Poggio Alloro

A 100 percent organic Tuscan family farm that is open to the world

December 7, 2010

For at least half a millennium, Tuscany has been a magnet for tourists, who arrive starry-eyed, in love with art, food, wine, and olive oil, and hoping to share however briefly in life alla italiana. I know I've been drawn there—several times—lured simply by the undeniable beauty and variety of the inestimable Tuscan landscape and its historic villas and gardens. But, with the advent of organic travel, or folks trying to participate in rather than just observe the life of the locale, increasingly visitors seek out the region's rural heart by staying at Tuscany's highly regarded farmhouse hotels, part of the government-supported agriturismo properties located across Italy.

Poggio Alloro is one such farm; a family-run operation that is, as many on the agriturismo circuit are, 100 percent organic and fully integrated. Its proper name is Fattoria ("farm") Poggio Alloro, referring to its agricultural production of wine (some 200,000 bottles and eight different varieties, three white and five red), organic olive oil, cereal crops, and cattle. These all generate organic waste, which is used to produce the compost that sustains the horticultural activities of the Fioroni family, who, in typical Tuscan style, cultivate a large kitchen garden, or orto, to supply the farmhouse kitchen—and fill the stomachs of hungry guests.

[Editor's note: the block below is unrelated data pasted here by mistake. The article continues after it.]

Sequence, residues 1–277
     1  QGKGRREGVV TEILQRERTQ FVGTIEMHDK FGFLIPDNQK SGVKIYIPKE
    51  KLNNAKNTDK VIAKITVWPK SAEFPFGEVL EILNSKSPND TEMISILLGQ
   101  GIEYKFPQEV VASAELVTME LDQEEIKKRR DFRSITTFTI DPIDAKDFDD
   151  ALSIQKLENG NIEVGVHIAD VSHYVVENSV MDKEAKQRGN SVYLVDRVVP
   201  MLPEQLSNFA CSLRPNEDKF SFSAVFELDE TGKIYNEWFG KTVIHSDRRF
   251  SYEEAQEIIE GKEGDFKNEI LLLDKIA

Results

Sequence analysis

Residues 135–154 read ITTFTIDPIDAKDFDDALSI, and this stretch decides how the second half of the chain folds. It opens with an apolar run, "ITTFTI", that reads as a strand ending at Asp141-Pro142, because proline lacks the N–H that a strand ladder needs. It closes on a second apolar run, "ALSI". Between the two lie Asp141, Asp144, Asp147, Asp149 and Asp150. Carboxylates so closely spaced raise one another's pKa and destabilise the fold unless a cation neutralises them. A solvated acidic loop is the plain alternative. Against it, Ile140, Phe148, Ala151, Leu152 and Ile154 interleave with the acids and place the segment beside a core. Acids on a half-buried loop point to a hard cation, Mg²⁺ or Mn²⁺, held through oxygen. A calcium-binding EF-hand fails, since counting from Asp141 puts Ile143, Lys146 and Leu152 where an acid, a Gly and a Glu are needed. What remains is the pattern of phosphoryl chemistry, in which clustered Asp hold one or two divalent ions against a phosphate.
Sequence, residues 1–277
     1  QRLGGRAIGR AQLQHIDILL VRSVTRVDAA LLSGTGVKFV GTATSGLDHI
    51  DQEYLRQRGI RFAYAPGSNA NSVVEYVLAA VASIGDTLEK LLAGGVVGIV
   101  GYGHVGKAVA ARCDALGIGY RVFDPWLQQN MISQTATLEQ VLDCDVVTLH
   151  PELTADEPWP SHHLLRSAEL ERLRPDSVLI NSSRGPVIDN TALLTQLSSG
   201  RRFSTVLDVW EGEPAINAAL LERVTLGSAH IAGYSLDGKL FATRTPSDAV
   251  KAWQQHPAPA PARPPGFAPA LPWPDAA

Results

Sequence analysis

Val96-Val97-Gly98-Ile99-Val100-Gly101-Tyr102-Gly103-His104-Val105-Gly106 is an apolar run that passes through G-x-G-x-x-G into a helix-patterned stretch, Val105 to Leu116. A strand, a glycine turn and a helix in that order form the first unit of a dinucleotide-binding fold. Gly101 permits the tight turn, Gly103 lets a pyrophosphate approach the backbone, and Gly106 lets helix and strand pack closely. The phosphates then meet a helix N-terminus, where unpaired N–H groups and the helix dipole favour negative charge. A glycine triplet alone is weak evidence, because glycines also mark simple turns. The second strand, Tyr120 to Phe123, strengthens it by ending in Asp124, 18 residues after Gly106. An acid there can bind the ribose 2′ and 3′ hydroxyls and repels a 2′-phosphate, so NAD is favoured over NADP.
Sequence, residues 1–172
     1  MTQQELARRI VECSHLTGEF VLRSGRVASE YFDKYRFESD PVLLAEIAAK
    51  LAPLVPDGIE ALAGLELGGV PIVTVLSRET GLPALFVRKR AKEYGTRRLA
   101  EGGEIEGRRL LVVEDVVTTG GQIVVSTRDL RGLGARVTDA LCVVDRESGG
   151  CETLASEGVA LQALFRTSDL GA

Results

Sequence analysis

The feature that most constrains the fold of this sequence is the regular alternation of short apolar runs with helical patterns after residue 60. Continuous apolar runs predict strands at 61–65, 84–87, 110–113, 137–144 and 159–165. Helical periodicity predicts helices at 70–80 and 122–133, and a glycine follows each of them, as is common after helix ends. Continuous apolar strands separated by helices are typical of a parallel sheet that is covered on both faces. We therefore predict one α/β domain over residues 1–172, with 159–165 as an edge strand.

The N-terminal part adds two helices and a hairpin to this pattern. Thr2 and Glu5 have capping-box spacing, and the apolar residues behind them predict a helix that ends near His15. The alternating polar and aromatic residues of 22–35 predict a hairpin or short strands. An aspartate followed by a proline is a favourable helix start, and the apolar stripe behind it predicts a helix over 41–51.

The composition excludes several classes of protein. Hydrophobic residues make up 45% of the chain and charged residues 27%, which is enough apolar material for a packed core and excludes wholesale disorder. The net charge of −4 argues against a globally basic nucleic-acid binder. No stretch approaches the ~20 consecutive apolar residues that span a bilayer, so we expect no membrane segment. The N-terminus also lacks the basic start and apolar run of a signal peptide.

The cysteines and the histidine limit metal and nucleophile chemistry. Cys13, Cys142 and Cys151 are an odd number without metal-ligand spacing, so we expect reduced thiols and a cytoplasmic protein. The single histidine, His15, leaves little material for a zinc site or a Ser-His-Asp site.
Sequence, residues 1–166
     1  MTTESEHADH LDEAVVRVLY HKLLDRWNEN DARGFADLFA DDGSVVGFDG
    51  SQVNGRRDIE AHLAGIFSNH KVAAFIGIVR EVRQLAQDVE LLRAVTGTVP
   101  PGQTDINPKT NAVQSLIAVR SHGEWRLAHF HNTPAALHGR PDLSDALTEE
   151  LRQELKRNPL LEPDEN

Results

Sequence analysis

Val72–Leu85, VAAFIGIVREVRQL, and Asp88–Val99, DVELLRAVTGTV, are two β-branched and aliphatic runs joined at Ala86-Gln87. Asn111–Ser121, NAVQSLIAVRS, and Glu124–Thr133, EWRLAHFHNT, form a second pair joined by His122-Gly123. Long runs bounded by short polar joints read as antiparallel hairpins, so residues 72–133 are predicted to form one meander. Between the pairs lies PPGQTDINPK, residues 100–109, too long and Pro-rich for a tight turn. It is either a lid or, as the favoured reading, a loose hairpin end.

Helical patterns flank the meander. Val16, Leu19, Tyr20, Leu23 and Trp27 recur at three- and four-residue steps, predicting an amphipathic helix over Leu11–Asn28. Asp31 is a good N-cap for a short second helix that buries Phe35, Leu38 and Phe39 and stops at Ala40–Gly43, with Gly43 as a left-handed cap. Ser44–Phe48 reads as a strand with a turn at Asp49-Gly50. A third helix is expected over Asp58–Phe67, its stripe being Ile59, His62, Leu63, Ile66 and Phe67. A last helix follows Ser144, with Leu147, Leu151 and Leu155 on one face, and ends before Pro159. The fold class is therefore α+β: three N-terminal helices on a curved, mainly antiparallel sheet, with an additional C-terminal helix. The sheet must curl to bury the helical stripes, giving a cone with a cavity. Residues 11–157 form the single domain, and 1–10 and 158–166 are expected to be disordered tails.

Early in the morning, heading southwest toward Poggio Alloro, you leave the monuments, traffic, and tourists that already are crowding the streets of Florence. The autostrada (A1) takes you toward another of Tuscany's historic medieval cities,